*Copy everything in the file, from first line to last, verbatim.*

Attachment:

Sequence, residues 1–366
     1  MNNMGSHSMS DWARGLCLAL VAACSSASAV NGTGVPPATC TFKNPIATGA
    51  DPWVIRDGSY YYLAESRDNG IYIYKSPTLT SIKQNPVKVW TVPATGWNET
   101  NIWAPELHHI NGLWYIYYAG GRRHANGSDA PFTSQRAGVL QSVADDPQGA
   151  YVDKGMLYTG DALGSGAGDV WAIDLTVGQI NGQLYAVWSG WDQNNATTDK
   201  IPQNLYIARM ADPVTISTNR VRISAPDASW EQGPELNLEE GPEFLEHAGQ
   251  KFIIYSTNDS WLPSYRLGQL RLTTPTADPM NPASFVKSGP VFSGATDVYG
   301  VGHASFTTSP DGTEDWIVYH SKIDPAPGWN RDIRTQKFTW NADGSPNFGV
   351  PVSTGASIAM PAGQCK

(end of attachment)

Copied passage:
Sequence, residues 1–366
     1  MNNMGSHSMS DWARGLCLAL VAACSSASAV NGTGVPPATC TFKNPIATGA
    51  DPWVIRDGSY YYLAESRDNG IYIYKSPTLT SIKQNPVKVW TVPATGWNET
   101  NIWAPELHHI NGLWYIYYAG GRRHANGSDA PFTSQRAGVL QSVADDPQGA
   151  YVDKGMLYTG DALGSGAGDV WAIDLTVGQI NGQLYAVWSG WDQNNATTDK
   201  IPQNLYIARM ADPVTISTNR VRISAPDASW EQGPELNLEE GPEFLEHAGQ
   251  KFIIYSTNDS WLPSYRLGQL RLTTPTADPM NPASFVKSGP VFSGATDVYG
   301  VGHASFTTSP DGTEDWIVYH SKIDPAPGWN RDIRTQKFTW NADGSPNFGV
   351  PVSTGASIAM PAGQCK